The Crockett Theatre and STAAR Theatre
Lawrenceburg has a rich history of musical performances, so in 1950 the Big Red Store closed, and the Crockett Theatre opened with a beautiful display of lights and 1,265 seats to fill in with locals who wanted to see an act! The Lawrence and Giles county areas were already known for their music with the James D. Vaughan Music Publishing Company and school on the Lawrenceburg Square and the Antoinette Hall on the Pulaski Square that opened in 1869. The Theatre would bring in several music acts until TerryTown came and attracted more modern music acts of the 1960s. The STAAR Theatre would not start until 1985 and is more known for its stage production plays than music acts. See the Crockett Theatre below!
The Crockett Theatre Today
In the past, there were music acts that would perform regularly. Musicians past their prime would play here, and tribute bands would come in. There haven't been many music acts for a few years, but this is changing. We have community Theatre stage productions and events throughout the year. Bands like the Jeff Quillen Band play here often with saxophone player Taylor Cheatwood. The gospel quartet The Kellys group and Josh Franks continue the James D. Vaughan Festival each year to keep up the heritage of the man who made Lawrenceburg The Birthplace of Southern Gospel Music! The local Main Street has live music on the Lawrenceburg Square down to Depot Street, where the Depot Street Break Room has music groups each week. These local and regional groups will eventually begin to play in music festivals inside the Crockett Theatre and other music festivals like those at Briar Hill!
Enter your address into your GPS and find your way to Crockett Theatre for a show or concert! See the buttons below for links to their Facebook page, where you can keep up to date with them or ask them questions on messenger!
The STAAR Theatre and Antoinette Hall
It is hard to imagine a place known for the beginning of the Klu Klux Klan having an Opera House, but it is true. A Mr. Angenol Cox built this theatre in 1868 and named it after his wife after the Civil War. It was said to be the grandest opera house on this side of Cincinnati. Antoinette Hall also hosted lavish parties and evening ball-style soirée that only the wealthiest people could attend. The Hall would produce many hit plays and host several famous opera singers along with new and improving theatre management. People from other cities would come to give talks or attend the plays. Sadly in the 1930s, the Antoinette Hall had to close as people were starting to prefer the movies over the traditional stage show. Click on the photos below to see the theatre and learn how you can help restore it to its former glory in the links at the bottom of the page!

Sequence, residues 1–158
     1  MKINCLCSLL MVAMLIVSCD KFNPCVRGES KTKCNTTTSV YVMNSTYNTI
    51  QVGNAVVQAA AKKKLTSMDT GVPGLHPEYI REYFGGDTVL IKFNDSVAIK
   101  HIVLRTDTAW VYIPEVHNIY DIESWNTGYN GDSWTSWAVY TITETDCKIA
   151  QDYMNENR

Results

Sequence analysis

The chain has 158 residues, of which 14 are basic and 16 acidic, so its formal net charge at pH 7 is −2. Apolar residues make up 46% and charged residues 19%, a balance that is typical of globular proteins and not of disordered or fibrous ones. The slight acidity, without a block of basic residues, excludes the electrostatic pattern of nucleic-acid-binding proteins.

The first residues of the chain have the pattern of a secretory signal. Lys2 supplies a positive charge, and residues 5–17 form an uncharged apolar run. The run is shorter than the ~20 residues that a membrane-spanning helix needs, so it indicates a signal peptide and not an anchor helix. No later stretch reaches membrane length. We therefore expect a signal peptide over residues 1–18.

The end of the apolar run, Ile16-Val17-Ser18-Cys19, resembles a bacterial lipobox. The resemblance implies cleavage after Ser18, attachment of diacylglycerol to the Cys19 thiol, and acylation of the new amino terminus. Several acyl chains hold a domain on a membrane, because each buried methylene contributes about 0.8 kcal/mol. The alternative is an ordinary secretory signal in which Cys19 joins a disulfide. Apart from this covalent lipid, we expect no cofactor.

Enter your address into your GPS of choice and find your way to the STAAR Theatre, where you can see a show or your favorite concert! Then, click the button below and see the STAAR Theatre Facebook page, where you can keep up with them and ask them questions over messenger.
How to attend these theatres?
Since this is an Amish-related website, these theatres would be labeled in the points of interest category, so you would have to see if there is a show playing during your visit. Planning to attend a show and see the Amish would have you see what shows are coming and then plan your Amish Adventure around the other points of interest. The Amish are open all year, but these shows are only offered during their run. Below are the links to the websites you need to look for upcoming shows and news of other acts coming to the theatres!
Take a tour of the famous Antoinette Hall
To see the theatre today, you must call the STAAR Theatre at (931) 363-7222 or email email@example.com to set up an appointment. A donation of $15 or more is strongly encouraged, and you must climb a two-story flight of stairs to get into the theatre doors on the side of the building. These donations go to restoring the theatre and adding a school to the building to teach generations of visitors about the arts!
Other things to do here may interest you, like a ghost tour or history tour of the area! There are plenty of Civil War Trails with the Sam Davis monument and statue and a Confederate cave just off the square! Plus, you can see the Trail of Tears Interpretive Center and the bridge piling where the Bell and Benge routes crossed! The famous Milky Way Farm belonged to Frank Mars of the Milky Way Candy Bars!
Pulaski Ghost Tour
Pulaski, Tennessee, has a lot of old cemeteries, battlefields, and Native American history. This area even has its own ghost stories. The Antoinette Hall theatre is said to have its own ghost stories you can explore in the like below!
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We (The Amish of Ethridge) do not guarantee the accuracy of the links it shares, as the URL may be changed without warning from the original location. Additionally, we do not represent any business listed above or the Amish Community we share. Anyone who consumes our content and acts on what they perceive is doing so of their own volition. We built our website and trails to show our visitors possibilities to include in their itinerary to experience on their vacation.